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Larry Ellison: Oracle Is Finally Seeing Positive ‘Signals’ Around Its Autonomous Database Service

Q4 earnings delivered cloud software sales exceeding guidance and Wall Street predictions, more than making up for the decline in Oracle's legacy product lines. ‘We have these other businesses that are just melting away and we don’t care,’ Ellison says.

Oracle ended its fiscal year 2019 in a strong quarter powered by gains in its core database portfolio, with encouraging signs of adoption of the company's autonomous database technology, Oracle's top executives told investors Wednesday in an earnings call.

In the fourth quarter, ended May 31, the Redwood Shores, Calif.-based technology giant gained overall database market share thanks to a surge in database license deals that encompassed rapid sales growth of the options required to run the "self-driving database" that automatically patches, encrypts, backs up and tunes, Chairman and CTO Larry Ellison said.

"It's great to see it just beginning to show up in the numbers," Ellison said of the autonomous database service that's been a central focus of the company for more than a year.

[Related: Oracle Sales Stagnant In Q3, But Fusion And NetSuite Business Application Suites Booming]  

Consumption metrics for autonomous database running on its second-generation Oracle Cloud Infrastructure, OCI, tell an even rosier picture than bookings, Ellison said.

Oracle is "getting signals" that show "much faster usage of autonomous database than sales forecasts," he told investors.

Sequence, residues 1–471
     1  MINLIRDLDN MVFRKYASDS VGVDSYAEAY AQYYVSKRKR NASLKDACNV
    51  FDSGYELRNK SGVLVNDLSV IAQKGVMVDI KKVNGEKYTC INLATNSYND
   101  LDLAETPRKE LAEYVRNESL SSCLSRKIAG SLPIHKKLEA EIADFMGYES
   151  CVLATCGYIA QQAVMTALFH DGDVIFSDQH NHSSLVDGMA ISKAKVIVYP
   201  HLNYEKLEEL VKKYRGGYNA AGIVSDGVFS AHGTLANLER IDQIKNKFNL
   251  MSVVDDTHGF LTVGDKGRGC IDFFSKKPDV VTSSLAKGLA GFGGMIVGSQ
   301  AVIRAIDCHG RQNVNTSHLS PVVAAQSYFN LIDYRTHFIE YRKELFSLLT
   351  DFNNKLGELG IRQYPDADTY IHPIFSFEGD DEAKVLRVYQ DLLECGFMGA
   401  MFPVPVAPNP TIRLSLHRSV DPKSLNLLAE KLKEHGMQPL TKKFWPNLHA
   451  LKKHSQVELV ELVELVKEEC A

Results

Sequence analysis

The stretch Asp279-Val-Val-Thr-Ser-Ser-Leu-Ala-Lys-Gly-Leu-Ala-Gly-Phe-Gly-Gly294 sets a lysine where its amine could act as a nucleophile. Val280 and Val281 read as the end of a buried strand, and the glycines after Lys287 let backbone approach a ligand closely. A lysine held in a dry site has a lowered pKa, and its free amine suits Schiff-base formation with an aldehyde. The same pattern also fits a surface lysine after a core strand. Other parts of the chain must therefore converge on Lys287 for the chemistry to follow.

The autonomous database is one example of Oracle transitioning its business as some legacy products inevitably fall off.

"Our hot, rapidly growing products are now bigger, as opposed to some of those products, like Sun SPARC, that are now in decline," Ellison said. "Those curves have crossed each other."

Oracle CEO Mark Hurd described the aggregate growth rate of the company as "made up of negative 25s and plus 27s."

Businesses like SPARC servers declined by 25 percent, but those losses are more than made up in growth of divisions like NetSuite, and ERP and HCM Software-as-a-Service solutions, Hurd said.

"We have these other businesses that are just melting away and we don’t care," Ellison said.

Oracle stock surged on both revenue and earnings beats.

Quarterly revenue of $11.1 billion marked 1 percent year-over-year growth, according to CEO Safra Catz.

That figure beat Wall Street expectations by $210 million. Earnings-per-share of $1.16 also beat expectations by 8 cents.

The better-than-expected financials drove Oracle stock up to $55.30 in after-hours trading, after a market close Wednesday of $52.68.

Oracle's Cloud Services and License Support category saw revenue of $6.8 billion, topping analyst predictions of $6.76 billion. License revenues, both from cloud and on-prem deals, came in at $2.5 billion—more than $180 million more than predicted by analysts.

In the earnings call, Ellison addressed a recent interconnect partnership with Microsoft that links cloud datacenters to better enable workload portability.

"We glued the technologies together, but we also have unified the customer experience," Ellison said. For that reason, working across Oracle and Azure feels like a single cloud that's encompassing the two technology suites, he said.

Catz said the deal with Microsoft "will only help accelerate the transition to autonomous database."

Oracle has moved almost all customers now from its "classic" Infrastructure-as-a-Service cloud to OCI Gen 2, Ellison told investors.

That second-generation OCI infrastructure differentiates itself from all competitors with an architecture that separates cloud control code from customer workloads.

"It's impossible for a cloud customer to get at our code and hack it. Also impossible for our programmers to look at our customers data," Ellison said. "This is a huge differentiator between us and everyone else."

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